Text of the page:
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Reducing Medication Errors – Anticoagulation Medication Safety

Warfarin is at or near the top of recent surveys of medications that lead to ED visits and resulting hospital admissions. Anticoagulation therapy poses risks to patients and too often leads to adverse drug events due to complex dosing, requisite follow-up monitoring, and inconsistent patient compliance. As a consequence, many patients who meet current evidence-based guidelines for warfarin therapy are not being treated at the present time. The use of standardized practices for therapy that include patient involvement can reduce the risk of adverse drug events associated with the use of anticoagulant medications. On January 1, 2009, the Joint Commission goal 3E to reduce the likelihood of patient harm associated with anticoagulation therapy went into effect.

We’re providing resources below to assist you in your work to improve anticoagulation management. We’re especially appreciative of the Harvard Vanguard clinicians and staff for taking the time to update their protocols and guidelines every time CHEST makes an update. This document is updated as we receive the latest information from Harvard Vanguard Medical Associates (Alan Brush, MD, FACP, Chief, Cheryl Warner, MD, Senior Physician Consultant, et al).

A message from Alan Brush, MD, MD, FACP, Chief, Anticoagulation Management Service, Harvard Vanguard Medical Associates:

Below is a link to the newly revised AMS Guidelines, now compatible with CHEST-2012 recommendations. In a few situations, our guidelines diverge from the suggestions in CHEST-2012, which are generally based on a weaker level of evidence than the recommendations; where present, we have noted the rationales for this divergence. As examples:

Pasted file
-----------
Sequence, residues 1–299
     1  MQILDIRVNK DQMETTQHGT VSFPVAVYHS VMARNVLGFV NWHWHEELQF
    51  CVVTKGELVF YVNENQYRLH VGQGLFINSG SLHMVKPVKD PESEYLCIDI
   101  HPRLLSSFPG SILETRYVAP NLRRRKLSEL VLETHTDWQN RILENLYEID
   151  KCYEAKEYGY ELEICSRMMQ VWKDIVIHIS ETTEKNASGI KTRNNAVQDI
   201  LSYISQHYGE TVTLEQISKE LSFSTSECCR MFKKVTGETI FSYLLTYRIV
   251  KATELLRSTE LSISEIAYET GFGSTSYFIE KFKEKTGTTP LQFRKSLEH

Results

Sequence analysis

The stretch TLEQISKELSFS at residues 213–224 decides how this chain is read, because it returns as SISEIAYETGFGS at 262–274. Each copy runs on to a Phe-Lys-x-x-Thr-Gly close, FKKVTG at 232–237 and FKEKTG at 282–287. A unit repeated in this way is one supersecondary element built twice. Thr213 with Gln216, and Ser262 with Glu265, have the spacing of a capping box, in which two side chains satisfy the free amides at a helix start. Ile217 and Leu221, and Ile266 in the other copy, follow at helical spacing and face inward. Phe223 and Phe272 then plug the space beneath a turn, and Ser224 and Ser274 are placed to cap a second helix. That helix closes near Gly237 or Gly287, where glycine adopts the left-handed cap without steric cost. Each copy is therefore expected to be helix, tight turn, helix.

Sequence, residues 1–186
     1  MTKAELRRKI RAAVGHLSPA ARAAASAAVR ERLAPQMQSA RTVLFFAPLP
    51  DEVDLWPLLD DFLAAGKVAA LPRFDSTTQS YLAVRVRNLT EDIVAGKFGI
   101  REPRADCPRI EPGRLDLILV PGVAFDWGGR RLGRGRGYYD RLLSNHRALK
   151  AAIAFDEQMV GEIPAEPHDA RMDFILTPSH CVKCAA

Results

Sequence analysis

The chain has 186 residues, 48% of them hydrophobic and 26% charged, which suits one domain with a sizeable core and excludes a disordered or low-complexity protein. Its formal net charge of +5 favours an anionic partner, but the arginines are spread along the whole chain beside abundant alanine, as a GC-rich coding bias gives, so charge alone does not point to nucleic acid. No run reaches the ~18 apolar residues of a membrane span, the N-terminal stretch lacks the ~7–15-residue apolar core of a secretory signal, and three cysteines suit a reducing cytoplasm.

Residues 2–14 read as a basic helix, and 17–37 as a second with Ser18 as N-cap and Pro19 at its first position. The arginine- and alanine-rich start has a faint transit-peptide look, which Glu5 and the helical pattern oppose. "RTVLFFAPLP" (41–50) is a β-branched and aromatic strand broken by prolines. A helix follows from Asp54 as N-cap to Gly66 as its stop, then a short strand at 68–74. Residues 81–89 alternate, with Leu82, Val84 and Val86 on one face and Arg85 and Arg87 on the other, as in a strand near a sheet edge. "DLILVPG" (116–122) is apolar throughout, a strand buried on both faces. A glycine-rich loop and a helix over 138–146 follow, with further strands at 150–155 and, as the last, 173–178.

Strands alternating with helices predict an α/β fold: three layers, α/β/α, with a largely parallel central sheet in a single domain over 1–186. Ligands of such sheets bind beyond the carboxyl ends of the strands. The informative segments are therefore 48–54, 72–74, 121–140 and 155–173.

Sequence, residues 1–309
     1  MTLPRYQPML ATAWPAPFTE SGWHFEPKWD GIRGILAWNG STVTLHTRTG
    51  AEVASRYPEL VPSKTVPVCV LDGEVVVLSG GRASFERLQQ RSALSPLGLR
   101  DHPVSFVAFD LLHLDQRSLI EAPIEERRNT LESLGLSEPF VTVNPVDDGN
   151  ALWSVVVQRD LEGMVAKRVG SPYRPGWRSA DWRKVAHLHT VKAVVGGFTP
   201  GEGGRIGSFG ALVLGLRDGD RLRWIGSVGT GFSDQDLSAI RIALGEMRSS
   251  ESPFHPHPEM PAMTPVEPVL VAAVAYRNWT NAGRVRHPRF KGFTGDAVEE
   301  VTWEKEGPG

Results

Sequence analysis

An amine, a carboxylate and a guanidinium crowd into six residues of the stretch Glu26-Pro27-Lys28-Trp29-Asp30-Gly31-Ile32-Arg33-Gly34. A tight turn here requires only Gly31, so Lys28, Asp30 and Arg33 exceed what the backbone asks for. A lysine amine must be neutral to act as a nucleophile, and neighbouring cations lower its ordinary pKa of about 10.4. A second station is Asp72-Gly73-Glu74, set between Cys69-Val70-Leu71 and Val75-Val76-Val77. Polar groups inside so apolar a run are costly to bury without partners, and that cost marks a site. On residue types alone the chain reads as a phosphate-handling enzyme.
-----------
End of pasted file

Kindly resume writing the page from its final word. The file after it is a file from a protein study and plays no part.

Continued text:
1. We continue to favor warfarin over the newer oral anticoagulants for most patients; CHEST-2012 suggests use of dabigatran for nonvalvular atrial fibrillation. We have found that cost issues and some post-marketing experience since the publication of CHEST-2012 makes the use of these agents less acceptable to patients. Despite the introduction of Pradaxa nearly two years ago, the number of patients receiving care by AMS has continued to increase.
  2. We now permit loading doses of warfarin for ambulatory patients, but due to certain risks that may have been underestimated in the existing studies, still favor starting with expected maintenance doses for most patients, particularly elderly or frail patients, and those with significant comorbid conditions. CHEST-2012 suggests using 10 mg daily for the first two days on ambulatory patients.
  3. We will be extending the interval of testing to 8 weeks for some stable patients, but not to the extent of “up to 12 weeks” suggested in CHEST-2012.